On Tuesday, May 11 Treasurer Josh Frydenberg delivered the 2021-22 Federal Budget promising billions for economic recovery, but where is all that money going? OTR journalist Dani Bozoski breaks it down. (Image source: Herald Sun)

By Dani Bozoski | @danibozoski

“Australia is coming back.”

This was the promise of Treasurer Josh Frydenberg on Tuesday night before presenting the Coalition’s second pandemic focused budget.

“Team Australia”, as Mr Frydenberg put it, will begin to recover from the economic catastrophe of 2020 within this financial year.

“We are better placed than nearly any other country to meet the economic challenges that lie ahead,” Mr Frydenberg said.

But how will the latest budget affect young Australians and university students?

COVID-19 recovery

Following with the overarching theme of this year’s budget, Mr Frydenberg said, “Australia’s economic engine is roaring back to life…a plan that continues to protect Australians from COVID…this is what the Coalition stands for”.

  • Over 10 million low and middle income earners will benefit from a new tax cut. Individuals will receive up to $1080 and couples $2160.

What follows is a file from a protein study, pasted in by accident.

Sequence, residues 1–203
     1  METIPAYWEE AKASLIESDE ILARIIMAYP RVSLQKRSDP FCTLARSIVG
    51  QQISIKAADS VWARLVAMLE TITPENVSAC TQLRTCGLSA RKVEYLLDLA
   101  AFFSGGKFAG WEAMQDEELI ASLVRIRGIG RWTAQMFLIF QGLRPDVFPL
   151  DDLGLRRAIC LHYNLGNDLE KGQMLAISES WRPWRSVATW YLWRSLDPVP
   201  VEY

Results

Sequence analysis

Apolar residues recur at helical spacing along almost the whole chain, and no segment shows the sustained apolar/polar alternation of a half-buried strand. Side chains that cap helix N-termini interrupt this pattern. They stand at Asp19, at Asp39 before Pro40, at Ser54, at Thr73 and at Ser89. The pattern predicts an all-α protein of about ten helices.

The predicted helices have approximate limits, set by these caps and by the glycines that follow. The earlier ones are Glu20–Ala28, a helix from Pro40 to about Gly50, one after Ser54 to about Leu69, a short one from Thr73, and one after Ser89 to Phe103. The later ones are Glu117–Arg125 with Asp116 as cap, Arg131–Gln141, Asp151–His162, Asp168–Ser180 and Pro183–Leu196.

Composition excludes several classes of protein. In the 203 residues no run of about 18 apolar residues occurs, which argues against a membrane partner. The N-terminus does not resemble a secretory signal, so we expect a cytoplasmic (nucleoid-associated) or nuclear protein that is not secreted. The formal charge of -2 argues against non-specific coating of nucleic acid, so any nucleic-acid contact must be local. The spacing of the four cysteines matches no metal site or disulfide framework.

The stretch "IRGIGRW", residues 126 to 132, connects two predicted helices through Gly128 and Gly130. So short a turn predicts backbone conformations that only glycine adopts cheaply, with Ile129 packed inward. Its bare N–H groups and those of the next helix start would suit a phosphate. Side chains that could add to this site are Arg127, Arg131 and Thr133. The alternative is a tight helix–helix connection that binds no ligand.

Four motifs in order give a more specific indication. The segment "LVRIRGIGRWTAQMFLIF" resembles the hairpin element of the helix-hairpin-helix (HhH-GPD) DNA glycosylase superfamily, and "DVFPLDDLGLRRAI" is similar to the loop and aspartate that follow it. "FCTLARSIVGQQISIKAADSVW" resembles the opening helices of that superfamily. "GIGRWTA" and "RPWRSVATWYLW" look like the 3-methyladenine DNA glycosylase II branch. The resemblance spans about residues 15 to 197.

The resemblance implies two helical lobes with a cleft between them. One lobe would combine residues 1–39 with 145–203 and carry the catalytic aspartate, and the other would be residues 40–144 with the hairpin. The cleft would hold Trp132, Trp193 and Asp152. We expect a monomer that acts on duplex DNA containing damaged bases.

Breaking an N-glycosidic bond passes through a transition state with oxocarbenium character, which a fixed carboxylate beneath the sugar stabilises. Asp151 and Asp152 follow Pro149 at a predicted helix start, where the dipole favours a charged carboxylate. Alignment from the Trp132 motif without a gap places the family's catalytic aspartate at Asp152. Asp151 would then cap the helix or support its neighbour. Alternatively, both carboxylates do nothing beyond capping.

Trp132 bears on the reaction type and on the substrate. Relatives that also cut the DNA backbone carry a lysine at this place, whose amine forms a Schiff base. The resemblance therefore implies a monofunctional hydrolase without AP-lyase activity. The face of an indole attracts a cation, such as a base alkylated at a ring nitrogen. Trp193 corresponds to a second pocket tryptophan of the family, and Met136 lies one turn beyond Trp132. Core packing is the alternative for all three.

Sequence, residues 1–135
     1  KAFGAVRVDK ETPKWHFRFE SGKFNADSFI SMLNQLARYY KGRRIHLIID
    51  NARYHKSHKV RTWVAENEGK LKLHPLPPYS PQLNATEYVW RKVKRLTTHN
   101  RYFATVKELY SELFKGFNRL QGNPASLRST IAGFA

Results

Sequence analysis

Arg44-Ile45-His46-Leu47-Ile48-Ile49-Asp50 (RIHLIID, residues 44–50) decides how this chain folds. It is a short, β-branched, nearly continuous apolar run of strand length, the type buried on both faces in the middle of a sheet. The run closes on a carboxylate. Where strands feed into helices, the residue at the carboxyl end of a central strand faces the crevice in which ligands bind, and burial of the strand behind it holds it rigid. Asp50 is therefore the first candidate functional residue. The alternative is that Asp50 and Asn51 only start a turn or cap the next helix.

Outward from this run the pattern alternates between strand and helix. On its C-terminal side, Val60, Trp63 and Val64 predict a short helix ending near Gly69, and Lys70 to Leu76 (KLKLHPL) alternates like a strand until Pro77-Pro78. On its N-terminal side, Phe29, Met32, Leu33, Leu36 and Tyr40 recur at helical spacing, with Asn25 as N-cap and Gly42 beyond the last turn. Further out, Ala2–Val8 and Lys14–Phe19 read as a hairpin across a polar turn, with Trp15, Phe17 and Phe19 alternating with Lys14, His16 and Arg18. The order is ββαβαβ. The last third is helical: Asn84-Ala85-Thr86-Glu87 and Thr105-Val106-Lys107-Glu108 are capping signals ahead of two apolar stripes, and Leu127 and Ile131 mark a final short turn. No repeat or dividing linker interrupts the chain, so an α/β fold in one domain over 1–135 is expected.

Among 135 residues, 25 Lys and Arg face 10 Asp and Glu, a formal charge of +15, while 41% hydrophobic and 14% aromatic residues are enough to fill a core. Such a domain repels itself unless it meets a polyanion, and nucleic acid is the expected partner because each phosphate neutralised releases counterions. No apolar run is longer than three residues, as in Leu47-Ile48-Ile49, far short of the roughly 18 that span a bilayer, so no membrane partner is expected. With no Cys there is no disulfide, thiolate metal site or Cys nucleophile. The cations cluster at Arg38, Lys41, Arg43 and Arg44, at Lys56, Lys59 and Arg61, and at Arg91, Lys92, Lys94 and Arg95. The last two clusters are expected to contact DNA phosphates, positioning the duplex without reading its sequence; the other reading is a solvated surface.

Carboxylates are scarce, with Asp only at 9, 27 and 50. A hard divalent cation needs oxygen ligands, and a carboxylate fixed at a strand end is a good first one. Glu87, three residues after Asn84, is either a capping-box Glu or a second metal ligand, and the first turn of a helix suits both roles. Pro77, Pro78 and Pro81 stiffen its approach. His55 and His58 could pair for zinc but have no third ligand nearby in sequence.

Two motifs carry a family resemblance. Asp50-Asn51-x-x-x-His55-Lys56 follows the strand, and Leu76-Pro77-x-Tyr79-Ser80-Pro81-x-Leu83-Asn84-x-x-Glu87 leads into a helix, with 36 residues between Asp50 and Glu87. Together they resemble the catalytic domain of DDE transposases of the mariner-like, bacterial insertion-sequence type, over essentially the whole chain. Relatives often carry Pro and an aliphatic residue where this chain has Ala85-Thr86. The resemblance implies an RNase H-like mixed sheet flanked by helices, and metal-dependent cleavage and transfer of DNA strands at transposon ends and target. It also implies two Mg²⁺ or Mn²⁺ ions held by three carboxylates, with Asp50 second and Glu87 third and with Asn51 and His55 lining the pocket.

• A further $1.9 billion allocated for the rollout of vaccines.
  • $1.5 billion for COVID-related health services including testing and tracing, respiratory clinics, and telehealth.
  • In total, the Morrison government has committed $20 billion to the vaccine rollout.

Education

The educational focus of this budget is on improving participation from students, “lifting outcomes and better equipping teachers”. However, there is less of a focus on universities.

  • 2021 will see $23.4 billion pledged towards schools, with a total of $289 billion over the next ten years, with a focus on providing additional courses for domestic students.